Refinancing Your Mortgage: What It Is and How It Works
A home refinance, often abbreviated as a "refi," is when you replace your existing mortgage with a new one, either with your current lender or a new financial institution. Refinancing your mortgage is a strategic move that can have various benefits, depending on your unique circumstances and financial goals.
Why Consider Refinancing Your Mortgage?
People refinance for different reasons, including:
1. Lowering Your Mortgage Payment
One of the most common motivations for refinancing is to secure a lower monthly mortgage payment. This can free up funds for other important expenses or savings goals.
2. Shortening the Loan Term
Some homeowners aim to pay off their mortgage faster by refinancing into a loan with a shorter term. While monthly payments may be higher, the overall interest paid over the life of the loan can be significantly reduced.
3. Debt Consolidation
Refinancing allows you to roll high-interest debts, such as credit card balances or personal loans, into your mortgage. This can result in a lower overall interest rate and a single, more manageable monthly payment.
4. Removing Private Mortgage Insurance (PMI)
If your original down payment was less than 20% of the home's value, you may have been required to pay for private mortgage insurance. A refinance can be an opportunity to remove this extra cost.
5. Lowering the Interest Rate
Market conditions change, and you might be able to secure a lower interest rate with a refinance. This can lead to substantial savings over the life of the loan. See example here.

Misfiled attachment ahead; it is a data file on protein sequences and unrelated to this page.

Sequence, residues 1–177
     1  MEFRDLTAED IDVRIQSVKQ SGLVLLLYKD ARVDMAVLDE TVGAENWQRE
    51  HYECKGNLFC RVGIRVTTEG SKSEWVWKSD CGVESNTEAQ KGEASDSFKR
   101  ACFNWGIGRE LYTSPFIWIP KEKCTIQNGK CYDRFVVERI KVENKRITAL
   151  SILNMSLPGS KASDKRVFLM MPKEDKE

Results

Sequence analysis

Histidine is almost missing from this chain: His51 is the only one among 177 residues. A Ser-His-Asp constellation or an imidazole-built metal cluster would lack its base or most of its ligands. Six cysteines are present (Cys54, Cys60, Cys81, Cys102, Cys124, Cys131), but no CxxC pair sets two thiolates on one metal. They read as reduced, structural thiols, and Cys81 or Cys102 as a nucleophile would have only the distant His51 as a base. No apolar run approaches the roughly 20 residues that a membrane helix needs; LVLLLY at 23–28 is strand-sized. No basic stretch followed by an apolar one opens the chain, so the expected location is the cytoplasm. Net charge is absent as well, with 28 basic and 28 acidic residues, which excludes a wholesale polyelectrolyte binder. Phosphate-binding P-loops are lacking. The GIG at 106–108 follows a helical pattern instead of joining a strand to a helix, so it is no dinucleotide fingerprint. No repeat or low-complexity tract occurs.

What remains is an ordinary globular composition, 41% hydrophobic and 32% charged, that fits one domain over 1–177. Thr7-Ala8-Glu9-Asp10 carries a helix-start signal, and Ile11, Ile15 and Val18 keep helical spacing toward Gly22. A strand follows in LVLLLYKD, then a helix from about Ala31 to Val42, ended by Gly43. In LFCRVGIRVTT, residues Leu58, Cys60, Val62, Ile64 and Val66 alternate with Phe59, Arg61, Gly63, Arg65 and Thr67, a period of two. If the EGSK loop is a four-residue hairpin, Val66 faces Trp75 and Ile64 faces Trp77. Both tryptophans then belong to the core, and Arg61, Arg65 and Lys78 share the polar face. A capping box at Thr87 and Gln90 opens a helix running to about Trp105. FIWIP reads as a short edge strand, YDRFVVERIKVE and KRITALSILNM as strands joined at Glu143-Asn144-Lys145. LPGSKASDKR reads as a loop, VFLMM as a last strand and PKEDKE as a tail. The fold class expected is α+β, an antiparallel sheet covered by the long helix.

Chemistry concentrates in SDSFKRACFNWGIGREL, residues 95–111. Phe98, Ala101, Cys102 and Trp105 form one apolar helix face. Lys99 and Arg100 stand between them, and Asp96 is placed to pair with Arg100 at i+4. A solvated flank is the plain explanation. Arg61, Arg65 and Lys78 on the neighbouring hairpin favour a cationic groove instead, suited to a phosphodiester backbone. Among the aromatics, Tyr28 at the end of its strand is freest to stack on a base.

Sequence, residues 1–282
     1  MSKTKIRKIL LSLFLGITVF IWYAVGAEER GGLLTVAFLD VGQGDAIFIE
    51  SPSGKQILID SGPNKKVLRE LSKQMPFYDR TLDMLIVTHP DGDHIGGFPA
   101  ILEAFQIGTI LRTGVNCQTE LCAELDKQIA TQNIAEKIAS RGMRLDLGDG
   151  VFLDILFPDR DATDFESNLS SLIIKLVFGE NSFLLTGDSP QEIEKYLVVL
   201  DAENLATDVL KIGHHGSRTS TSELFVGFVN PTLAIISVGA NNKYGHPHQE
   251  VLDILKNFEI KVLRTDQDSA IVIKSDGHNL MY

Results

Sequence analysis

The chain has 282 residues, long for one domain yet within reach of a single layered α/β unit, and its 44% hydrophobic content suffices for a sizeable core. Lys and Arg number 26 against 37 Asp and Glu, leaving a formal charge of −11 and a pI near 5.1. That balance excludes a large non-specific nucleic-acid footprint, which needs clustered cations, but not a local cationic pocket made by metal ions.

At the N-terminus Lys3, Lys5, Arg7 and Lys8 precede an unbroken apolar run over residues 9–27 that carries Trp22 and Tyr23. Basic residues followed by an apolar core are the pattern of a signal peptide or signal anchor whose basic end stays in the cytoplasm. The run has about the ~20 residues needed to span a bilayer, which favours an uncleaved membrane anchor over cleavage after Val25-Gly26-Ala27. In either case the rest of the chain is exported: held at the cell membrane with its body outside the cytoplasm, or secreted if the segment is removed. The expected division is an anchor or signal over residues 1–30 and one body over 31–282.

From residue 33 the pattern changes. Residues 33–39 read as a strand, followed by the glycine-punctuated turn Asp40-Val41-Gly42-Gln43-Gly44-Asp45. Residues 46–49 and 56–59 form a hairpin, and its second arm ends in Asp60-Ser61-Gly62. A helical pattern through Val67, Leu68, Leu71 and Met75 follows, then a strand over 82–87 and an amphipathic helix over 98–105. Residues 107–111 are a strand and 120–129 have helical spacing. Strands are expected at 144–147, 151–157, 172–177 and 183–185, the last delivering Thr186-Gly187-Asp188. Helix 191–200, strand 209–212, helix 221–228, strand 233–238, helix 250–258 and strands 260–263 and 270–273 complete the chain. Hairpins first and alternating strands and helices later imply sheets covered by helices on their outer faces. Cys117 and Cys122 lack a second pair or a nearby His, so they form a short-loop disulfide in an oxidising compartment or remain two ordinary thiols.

6. Changing Loan Programs
Refinancing also offers the chance to switch from an adjustable-rate mortgage (ARM) to a fixed-rate mortgage, or vice versa, depending on your preference and financial goals.
7. Adding or Removing Co-Signers
Life circumstances change, and refinancing provides an opportunity to adjust the individuals responsible for the loan. This is especially common after divorce.
Types of Refinance Loans
Understanding the different types of refinance loans is crucial in determining which one aligns with your specific goals:
1. Rate-and-Term Refinance
This type of refinance focuses on adjusting the interest rate, term length, or both, without significantly altering the loan balance. It's often chosen to secure a lower interest rate or shorten the loan term.
2. Cash-Out Refinance
A cash-out refinance allows you to tap into your home's equity by borrowing more than you owe and receiving the excess funds in cash. This can be used for various purposes, such as home improvements, debt consolidation, or other financial needs.
3. Renovation Refinance
Also known as a renovation loan, this option allows you to finance both the purchase or refinance of a home and the cost of repairs or renovations into a single mortgage.
4. Streamline Refinance
Streamline refinances are specific to government-backed loans like FHA, VA, and USDA. They're designed to simplify and expedite the refinancing process by requiring minimal documentation.
Qualifications for Refinancing Your Mortgage
Several factors come into play when determining eligibility for a refinance:
Current Loan Type: Whether you have an FHA, Conventional, VA, or USDA loan will influence your refinance options.
Loan-to-Value Ratio (LTV): This is the comparison between your home's value and your current loan balance. A higher LTV may impact your ability to refinance.
Mortgage Insurance: Depending on your original loan type, you may have private mortgage insurance (PMI) or other forms of insurance. This can affect your refinance options.
Credit Score: A higher credit score often leads to more favorable refinance terms. However, lower credit scores don't necessarily disqualify you from refinancing.
Debt-to-Income Ratio (DTI): Lenders assess your DTI to ensure you have the financial capacity to handle the new loan.
Impact of Refinancing to a Lower Rate
Here is an example to show how refinancing to a 1% lower rate could affect your monthly payment. This example is for a $600,000 purchase price and a 5% down payment.
*Note: refinancing is not free. While your payment may go down, always consider your closing costs.